Surgery on the kidney is done for many reasons, such as transplants, removal of the kidney (nephrectomy) and on the adrenal glands situated on the kidney. Surgery always has risks of complications due to its invasive nature, and the kidney offers unique sets of complications after the operation.
If you are experiencing serious medical symptoms, seek emergency treatment immediately.
Usually, patients have a very minimal risk of death when undergoing kidney surgery. However, those with atherosclerotic disease of the renal arteries have a much higher chance of death. Screening of the patients preoperatively is done to identify those with increased risk and preoperative treatment to reduce surgical risk.
High blood pressure, or hypertension, often occurs in patients after kidney surgery. It can be due to a variety of reasons, such as kidney damage and poorly controlled pain. If not properly controlled, it can cause bleeding from fresh surgical sutures.
Increased bleeding after surgery can occur in almost all surgical procedures, and its occurrence in kidney surgery is usually due to poor technique. It can appear early after surgery, and also weeks to months later. In the latter case, it can be attributed to infection of sutures or prosthetic grafts eroding into organs.
Renal Artery Thrombosis
This refers to clots that can form and obstruct the renal artery. It generally occurs within the first few days after surgery. Decreased blood flow after surgery, decreased blood volume and the patient being predisposed to clots are risk factors for development of this complication.
Stenosis of the Renal Artery
This is typically a late complication that can occur from weeks to years after surgery. Risk factors for this are similar to renal artery thrombosis. This complication describes when the lumen of the artery is narrowed, which decreases blood flow through the artery.
Renal Artery Aneurysm
This complication refers to the development of an area of weakness in the renal artery after surgery that pouches out and is at risk of rupture. This usually develops when arterial graft tissue is used during surgery that's not strong enough to handle the blood pressures that normally flow through blood vessels.
During renal surgery, the abdominal aorta can be clamped and then unclamped to make surgery possible in that area without excessive bleeding. This can cause tears in the aorta, in addition to dislodging cholesterol plaques that can travel elsewhere in the body to cause damage--such as in the brain or to the kidney itself.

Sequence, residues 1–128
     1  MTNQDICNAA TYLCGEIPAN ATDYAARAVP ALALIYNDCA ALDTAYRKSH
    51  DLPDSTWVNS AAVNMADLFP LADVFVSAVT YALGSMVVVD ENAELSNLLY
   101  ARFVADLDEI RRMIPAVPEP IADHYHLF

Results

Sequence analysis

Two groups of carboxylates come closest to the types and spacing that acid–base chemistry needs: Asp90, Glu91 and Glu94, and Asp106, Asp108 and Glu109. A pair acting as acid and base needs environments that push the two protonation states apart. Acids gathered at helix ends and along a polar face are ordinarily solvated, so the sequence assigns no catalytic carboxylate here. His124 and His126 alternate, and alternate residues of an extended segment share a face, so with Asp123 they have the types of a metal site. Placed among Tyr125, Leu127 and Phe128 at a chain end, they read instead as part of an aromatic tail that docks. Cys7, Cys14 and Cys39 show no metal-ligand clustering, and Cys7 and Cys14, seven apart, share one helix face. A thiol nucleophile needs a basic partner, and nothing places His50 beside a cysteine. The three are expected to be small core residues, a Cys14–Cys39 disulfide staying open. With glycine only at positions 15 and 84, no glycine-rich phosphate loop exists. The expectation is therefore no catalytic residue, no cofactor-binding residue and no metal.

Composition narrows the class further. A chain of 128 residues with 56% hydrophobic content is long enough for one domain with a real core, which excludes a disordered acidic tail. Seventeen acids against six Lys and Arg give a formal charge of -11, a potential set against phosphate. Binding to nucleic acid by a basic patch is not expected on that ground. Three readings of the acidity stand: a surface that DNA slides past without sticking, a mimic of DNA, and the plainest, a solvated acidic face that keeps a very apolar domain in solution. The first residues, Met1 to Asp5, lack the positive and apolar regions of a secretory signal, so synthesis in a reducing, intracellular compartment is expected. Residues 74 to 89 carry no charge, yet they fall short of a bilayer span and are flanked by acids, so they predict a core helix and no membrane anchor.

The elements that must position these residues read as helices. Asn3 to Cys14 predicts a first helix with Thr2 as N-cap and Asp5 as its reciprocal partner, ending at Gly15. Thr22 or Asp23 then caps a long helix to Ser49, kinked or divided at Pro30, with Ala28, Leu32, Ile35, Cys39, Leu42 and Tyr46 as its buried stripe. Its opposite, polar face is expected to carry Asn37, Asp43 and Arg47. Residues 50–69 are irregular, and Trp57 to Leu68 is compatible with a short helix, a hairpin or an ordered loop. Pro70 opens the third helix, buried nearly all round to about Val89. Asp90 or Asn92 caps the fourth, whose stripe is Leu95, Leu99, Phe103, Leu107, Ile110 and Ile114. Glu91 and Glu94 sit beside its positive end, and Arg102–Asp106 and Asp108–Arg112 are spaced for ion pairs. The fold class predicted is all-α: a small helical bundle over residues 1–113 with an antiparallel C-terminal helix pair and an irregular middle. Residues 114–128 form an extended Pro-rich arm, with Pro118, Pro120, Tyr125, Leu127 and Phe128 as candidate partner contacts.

This complication is usually a result of decreased blood to the kidney during surgery. This manifests as decreased urine production. The best way to prevent it is good technique during surgery to ensure the kidney doesn't go long periods without adequate blood flow.
This is most common during laparoscopic kidney surgery because of the decreased visual field that a surgeon has when using a camera to view the surgery 2. Injuries can occur out of the view of the surgeon and manifest as persistent pain with subsequent abdominal symptoms such as diarrhea, nausea and persistent bowel sounds. It can progress to seriously threaten the patient’s life, so the surgeon must be vigilant after laparoscopic procedures 2.
Blood Vessel Injury
This can also occur in laparoscopic surgeries, due to the same problems with visualization that result in bowel injury. Many important blood vessels in the area can be damaged during surgery that can elude the surgeons view, so vigilance is crucial.
Increased bleeding after surgery can occur in almost all surgical procedures, and its occurrence in kidney surgery is usually due to poor technique. This complication is usually a result of decreased blood to the kidney during surgery. This can also occur in laparoscopic surgeries, due to the same problems with visualization that result in bowel injury.
- “Campbell-Walsh Urology, 9th Edition;” Wein; 2007
- Urology. “Complications of Transperitoneal Laparoscopic Nephrectomy: A Single-center Experience.” Kim B, Yoo E, Kwon T. Volume 73, Issue 6 (June 2009)
- “Sabiston Textbook of Surgery, 18th Edition;” Townsend; 2007
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